Confluence Retirement

Due to the feedback from stakeholders and our commitment to not adversely impact USGS science activities that Confluence supports, we are extending the migration deadline to January 2023.

In an effort to consolidate USGS hosted Wikis, myUSGS’ Confluence service is targeted for retirement. The official USGS Wiki and collaboration space is now SharePoint. Please migrate existing spaces and content to the SharePoint platform and remove it from Confluence at your earliest convenience. If you need any additional information or have any concerns about this change, please contact myusgs@usgs.gov. Thank you for your prompt attention to this matter.
Skip to end of metadata
Go to start of metadata

You are viewing an old version of this page. View the current version.

Compare with Current View Page History

Version 1 Current »

I attended the "Advancing FAIR and Go FAIR in the U.S." workshop in February; the workshop covered topics on how to establish and promote FAIR culture and capabilities within a community. May of the discussions were synergistic with the CDI activities, so I wanted to share some key points from the workshop with the CDI community.


Workshop Info 

Title: Advancing FAIR and Go FAIR in the U.S.  

Date: February 24th to 27th, 2020 

Location: Atlanta, Georgia 

Goals: 

  • Facilitate development of a community of practice for FAIR awareness and capacity-building in the US 
  • Improve understanding of FAIR technologies, and how to teach this to others 
  • Preparation for teaching or supporting FAIR data management and policies for researchers, local institutions, professional organizations, and others 

Link: https://www.sdsc.edu/services/data_science/research_data_services.html  

 

Overall Summary: 

  • The workshop highlighted that advancing FAIR requires communal effort. 
  • In order to "FAIRify," it is important for a community to first determine its scope, goals, and objectives. 

 

Key Notes: 

  • FAIR is an acronym from Findable, Accessible, Interoperable, and Reusable. 
  • Typical challenges that a community could face when working on FAIR include:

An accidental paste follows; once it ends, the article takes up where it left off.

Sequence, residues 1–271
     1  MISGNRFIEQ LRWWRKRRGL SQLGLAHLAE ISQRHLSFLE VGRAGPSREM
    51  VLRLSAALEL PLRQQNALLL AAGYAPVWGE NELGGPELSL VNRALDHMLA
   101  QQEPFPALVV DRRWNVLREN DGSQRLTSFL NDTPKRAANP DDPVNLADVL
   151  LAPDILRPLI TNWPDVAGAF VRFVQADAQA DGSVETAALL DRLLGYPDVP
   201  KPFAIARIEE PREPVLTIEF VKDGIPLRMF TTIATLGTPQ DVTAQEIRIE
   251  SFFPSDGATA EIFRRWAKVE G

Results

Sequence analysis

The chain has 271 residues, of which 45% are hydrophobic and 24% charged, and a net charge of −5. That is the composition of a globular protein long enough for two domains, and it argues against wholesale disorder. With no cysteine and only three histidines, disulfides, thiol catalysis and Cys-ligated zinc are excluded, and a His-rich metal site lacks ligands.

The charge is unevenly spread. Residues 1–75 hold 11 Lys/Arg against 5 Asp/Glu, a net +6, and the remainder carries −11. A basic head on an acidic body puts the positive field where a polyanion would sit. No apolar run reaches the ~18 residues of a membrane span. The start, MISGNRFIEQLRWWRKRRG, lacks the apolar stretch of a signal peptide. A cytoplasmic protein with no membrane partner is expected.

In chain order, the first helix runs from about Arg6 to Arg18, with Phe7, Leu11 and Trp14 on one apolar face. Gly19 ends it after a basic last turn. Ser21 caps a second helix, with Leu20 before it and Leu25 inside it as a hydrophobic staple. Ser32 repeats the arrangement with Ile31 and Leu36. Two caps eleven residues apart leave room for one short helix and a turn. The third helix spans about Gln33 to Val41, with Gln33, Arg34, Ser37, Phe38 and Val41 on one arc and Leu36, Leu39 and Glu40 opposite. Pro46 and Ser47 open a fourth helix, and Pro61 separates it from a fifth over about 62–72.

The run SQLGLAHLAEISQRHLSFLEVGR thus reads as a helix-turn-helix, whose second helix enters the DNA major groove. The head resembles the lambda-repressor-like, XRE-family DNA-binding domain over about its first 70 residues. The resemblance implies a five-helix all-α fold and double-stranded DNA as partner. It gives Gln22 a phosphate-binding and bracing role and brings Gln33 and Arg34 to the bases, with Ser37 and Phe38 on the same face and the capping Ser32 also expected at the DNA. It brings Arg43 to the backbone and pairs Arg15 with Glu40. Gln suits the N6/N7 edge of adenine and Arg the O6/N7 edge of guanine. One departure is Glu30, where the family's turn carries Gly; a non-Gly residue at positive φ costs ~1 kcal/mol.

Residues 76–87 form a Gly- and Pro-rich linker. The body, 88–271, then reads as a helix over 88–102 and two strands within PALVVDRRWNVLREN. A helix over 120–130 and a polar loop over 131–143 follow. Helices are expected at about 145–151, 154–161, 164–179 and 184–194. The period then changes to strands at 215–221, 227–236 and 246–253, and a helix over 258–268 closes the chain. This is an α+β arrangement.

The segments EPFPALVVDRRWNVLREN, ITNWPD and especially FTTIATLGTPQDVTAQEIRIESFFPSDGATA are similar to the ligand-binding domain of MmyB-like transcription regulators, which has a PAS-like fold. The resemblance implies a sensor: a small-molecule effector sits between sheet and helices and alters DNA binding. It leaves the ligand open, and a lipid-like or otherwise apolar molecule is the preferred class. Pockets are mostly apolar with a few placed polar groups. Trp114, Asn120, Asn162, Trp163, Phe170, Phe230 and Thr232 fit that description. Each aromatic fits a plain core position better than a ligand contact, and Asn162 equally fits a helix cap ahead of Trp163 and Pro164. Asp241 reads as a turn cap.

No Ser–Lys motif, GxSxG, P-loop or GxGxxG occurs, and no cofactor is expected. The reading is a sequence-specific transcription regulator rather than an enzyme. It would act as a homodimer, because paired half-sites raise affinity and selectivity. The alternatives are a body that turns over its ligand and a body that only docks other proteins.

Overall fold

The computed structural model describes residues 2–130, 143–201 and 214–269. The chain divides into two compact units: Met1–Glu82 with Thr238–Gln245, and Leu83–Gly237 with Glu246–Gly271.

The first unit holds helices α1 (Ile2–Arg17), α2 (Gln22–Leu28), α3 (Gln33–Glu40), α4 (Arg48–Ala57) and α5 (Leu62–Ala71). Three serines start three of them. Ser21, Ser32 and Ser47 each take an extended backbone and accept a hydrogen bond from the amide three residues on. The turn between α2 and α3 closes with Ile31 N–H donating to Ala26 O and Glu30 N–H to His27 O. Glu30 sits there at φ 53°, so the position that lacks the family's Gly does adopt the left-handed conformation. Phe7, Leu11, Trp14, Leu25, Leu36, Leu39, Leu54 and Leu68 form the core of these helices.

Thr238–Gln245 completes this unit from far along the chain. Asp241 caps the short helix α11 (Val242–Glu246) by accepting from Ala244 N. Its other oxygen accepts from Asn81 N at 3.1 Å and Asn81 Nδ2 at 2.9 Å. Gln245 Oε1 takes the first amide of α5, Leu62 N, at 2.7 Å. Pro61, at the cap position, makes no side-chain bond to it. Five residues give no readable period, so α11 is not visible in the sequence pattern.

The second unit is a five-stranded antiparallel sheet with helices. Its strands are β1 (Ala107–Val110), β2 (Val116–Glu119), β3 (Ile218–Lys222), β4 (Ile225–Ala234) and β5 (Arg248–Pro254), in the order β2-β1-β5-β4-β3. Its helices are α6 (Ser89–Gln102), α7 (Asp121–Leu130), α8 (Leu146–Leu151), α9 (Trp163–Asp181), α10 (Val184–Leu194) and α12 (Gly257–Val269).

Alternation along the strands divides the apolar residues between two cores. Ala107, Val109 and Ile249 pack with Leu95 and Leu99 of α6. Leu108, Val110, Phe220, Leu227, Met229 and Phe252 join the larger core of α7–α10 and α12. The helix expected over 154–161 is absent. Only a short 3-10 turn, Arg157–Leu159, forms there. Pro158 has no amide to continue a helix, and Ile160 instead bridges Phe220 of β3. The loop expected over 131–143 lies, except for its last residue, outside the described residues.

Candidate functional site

• Knowledge gap
    • Institutional inertia
    • Community relationship building
    • Expanding FAIR capacity
    • Best way to adapt and adopt available FAIR resources
  • The ultimate goal of enabling FAIR is to allow both humans and machines (especially machines) to use digital resources, so that analytics and re-use can be optimized.
    • According to the Go FAIR Initiative (https://www.go-fair.org), FAIR can also be understood as Fully AI Ready. In other words, machines are able to know what the digital resources mean. Additionally, the digital resources are as distributed/open as possible, but can also be as central/closed as needed.
  • Implementation of FAIR can be challenging because many concepts in the principles are multifaceted (including social, resource, and technical considerations).
  • In order to advance FAIR, it is important to first establish a good (common) understanding of the FAIR principles.
  • FAIR requires technical and disciplinary resources, but it also requires community support.
    • When implement FAIR, we need to review choices and accept challenges; e.g. who is our "community", and determine what is specific to our "community".
    • FAIR is not a “standard”. The local community context is important and necessary.
  • The Go FAIR Initiative offers a 7-step "FAIRification" process: https://www.go-fair.org/fair-principles/fairification-process/ 
  • Options for conducting a FAIR event/activity with one's community include:
    • Multiple day, experts convening, tutorial/webinar, conference, unconference, hackathon, symposium, sprint, posters, etc.
  • Participants of an FAIR event/actiity might have the following expectations:
    • Share best practices/resources/learn new skills
    • Tackle a problem
    • Learn new concepts/skills
    • Use FAIR as a them to track for other topics
    • Collaborate to create a resource to be shared
    • And more!
  • Once a community has established its version of FAIR, it is important to connect with other communities. Convergence with different communities is key to grow FAIR. 

(Logo from the Go FAIR Initiative)

  • No labels